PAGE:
The Yuan strengthened against the Dollar, breaking support at 6.50 (USDCNY) as Chinese authorities attempt to squeeze short-sellers. But the primary trend is unchanged and warns of further weakness.
From Anne Stevenson-Yang and Kevin Dougherty at WSJ:
After initial declines in the Chinese market to start the year, the past few weeks have seen signs of what some would call a rebound. Lending in China rose by 67% in January, iron-ore prices initially rallied by 64% and housing sales in the top four markets surged…..
Chinese authorities have been trying to bring back the old, quasisuperstitious belief in Beijing’s omnipotence. But the political desperation behind these efforts betrays a different story: that an impending currency crisis is a signal of the dream’s undoing. That’s why in China getting money out of the country is now the major preoccupation of both families and corporations.
One way to stem the crisis would be through depreciation. That would be sound policy for the people of China, but it’s a dreaded last resort for a leadership that wants, more than jobs for its people, to bolster buying power and save political face overseas. Yet history shows that holding the line on the currency is a losing strategy. Tightened liquidity causes more pain to the economy and simply delays the inevitable.
In other countries, currency crises usually followed a sudden and irreversible loss of confidence. The Asian Tigers were booming and then fell apart rapidly. Same in Russia. China faces the added difficulty of having little institutional memory and few tools to manage the economy in a time of capital scarcity. And there is no sign that capital-outflow pressure will ease.
From David Llewellyn-Smith at Macrobusiness:
The macro logic here is impeccable and Ms Ms. Stevenson-Yang knows China better than most. I actually think that Chinese officials already understand this and the current back and forth on yuan policy is them searching for a way to do it in a manageable glide slope rather than crash.
I agree that China faces a currency crisis. I lived through one in South Africa in the 1980s and recognize the signs: purchase of offshore homes, local companies bidding for offshore acquisitions, over-invoicing, local residents using ingenious methods to avoid capital controls…..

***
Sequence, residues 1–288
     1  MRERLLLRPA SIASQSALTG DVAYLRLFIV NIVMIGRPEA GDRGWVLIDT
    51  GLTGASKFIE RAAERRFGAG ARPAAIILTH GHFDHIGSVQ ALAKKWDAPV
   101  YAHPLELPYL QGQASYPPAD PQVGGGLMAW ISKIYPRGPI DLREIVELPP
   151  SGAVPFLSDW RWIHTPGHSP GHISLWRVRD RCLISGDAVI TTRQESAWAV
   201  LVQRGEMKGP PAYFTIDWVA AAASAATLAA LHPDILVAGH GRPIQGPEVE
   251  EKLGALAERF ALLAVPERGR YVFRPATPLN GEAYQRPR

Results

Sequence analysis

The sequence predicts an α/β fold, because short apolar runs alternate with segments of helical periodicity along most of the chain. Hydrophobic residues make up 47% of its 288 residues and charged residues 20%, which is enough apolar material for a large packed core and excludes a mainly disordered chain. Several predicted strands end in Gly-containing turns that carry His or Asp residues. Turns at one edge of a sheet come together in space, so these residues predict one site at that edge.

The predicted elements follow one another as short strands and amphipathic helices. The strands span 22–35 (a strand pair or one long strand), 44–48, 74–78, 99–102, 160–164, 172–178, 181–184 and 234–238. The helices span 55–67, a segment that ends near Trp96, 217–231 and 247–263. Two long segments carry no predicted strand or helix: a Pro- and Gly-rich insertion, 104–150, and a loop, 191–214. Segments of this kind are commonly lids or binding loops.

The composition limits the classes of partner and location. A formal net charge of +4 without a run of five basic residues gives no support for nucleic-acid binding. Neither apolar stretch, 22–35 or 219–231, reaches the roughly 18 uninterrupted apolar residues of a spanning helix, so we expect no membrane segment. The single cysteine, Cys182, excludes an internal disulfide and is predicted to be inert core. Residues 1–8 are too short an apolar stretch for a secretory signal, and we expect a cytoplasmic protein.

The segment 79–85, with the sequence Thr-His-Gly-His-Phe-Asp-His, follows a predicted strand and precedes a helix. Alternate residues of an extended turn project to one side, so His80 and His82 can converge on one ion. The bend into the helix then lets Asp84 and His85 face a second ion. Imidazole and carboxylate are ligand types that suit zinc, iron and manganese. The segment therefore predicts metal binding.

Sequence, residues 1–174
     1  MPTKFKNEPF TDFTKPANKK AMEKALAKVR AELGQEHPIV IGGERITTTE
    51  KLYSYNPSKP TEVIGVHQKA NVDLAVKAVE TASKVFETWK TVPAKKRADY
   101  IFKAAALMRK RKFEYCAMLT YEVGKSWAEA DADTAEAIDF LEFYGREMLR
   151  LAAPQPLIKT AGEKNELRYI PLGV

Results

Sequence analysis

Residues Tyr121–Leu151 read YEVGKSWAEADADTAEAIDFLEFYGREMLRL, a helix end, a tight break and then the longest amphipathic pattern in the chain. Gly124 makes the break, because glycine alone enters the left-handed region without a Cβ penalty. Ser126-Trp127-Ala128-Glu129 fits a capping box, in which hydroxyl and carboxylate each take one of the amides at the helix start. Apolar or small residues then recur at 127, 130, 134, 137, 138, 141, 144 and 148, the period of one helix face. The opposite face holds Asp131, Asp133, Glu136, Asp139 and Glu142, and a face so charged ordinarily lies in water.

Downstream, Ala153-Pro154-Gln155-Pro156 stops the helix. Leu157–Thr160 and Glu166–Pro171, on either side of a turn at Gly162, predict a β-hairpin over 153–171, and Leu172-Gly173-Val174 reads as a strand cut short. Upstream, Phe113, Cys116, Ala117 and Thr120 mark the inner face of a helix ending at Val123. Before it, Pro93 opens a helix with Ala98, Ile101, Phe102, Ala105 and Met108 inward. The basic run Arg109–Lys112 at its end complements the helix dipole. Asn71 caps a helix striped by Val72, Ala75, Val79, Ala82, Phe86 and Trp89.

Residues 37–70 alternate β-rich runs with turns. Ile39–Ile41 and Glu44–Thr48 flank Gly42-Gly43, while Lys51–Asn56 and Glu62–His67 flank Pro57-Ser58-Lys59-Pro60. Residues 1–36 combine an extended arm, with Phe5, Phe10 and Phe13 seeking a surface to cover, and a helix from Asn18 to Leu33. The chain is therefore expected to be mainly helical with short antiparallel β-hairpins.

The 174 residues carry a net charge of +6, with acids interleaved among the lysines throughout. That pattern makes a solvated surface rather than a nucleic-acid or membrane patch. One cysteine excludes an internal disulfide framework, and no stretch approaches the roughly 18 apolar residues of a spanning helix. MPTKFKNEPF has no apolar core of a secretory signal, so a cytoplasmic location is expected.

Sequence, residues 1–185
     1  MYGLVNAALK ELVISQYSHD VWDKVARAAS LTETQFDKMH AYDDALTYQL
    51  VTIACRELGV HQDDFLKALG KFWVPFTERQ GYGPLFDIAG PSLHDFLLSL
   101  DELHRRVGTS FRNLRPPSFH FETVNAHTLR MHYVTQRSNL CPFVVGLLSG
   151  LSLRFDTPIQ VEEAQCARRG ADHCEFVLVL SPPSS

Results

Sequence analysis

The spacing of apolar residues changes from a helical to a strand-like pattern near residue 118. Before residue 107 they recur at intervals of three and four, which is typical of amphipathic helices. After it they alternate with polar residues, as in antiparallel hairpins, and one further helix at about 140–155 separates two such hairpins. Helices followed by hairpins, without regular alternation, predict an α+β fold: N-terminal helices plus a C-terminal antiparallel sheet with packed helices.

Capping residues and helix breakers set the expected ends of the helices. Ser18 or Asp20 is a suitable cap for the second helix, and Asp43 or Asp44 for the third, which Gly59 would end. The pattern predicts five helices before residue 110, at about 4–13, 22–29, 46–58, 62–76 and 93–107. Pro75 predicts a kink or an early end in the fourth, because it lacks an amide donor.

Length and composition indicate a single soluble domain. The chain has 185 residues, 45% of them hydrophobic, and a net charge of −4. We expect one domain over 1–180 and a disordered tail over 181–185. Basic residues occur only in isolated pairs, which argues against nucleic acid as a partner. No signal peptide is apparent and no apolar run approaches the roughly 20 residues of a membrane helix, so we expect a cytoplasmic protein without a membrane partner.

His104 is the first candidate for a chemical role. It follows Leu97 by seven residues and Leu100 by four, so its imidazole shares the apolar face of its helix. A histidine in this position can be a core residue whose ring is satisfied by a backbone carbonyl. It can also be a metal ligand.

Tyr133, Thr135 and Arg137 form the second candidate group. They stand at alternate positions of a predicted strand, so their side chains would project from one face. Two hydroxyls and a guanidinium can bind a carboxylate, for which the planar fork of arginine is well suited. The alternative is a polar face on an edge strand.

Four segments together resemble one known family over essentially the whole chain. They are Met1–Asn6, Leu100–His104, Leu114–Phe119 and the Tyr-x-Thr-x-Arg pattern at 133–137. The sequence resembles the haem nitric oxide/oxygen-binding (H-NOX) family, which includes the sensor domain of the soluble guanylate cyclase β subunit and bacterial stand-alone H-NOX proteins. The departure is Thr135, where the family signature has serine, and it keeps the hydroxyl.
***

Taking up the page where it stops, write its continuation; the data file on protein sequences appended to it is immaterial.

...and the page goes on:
This graph of the US Dollar/South African Rand exchange rate from Wikipedia covers the early alarm in the 1980s, when the Rand fell from parity against the greenback, through to the current “Zuma-gate” when the Rand hit 15 to the Dollar in late 2015:
Capital controls are too late. The horse has bolted. Trying to prevent Chinese residents from moving their capital to a safer climate is as effective as herding cats. The only way depreciation can work is “shock and awe”: a massive once-off devaluation of the Yuan. Gradual weakening of the currency will simply reinforce the panic.
I shudder to think of the effects a dramatic fall in the Yuan would have on global capital markets. Chinese companies would be forced to default of USD-denominated debt. Trading partners, including the US and Europe, would be forced to respond with competing devaluations to avoid the contagion. I think (and hope) that Chinese officials have been persuaded that this is not an option.
….Which leaves capital controls, and eating through China’s $3 trillion plus of foreign reserves to support the Yuan, as the least-worst option. Or is that simply kicking the can down the road?
Hat tip to David Llewellyn-Smith at Macrobusiness.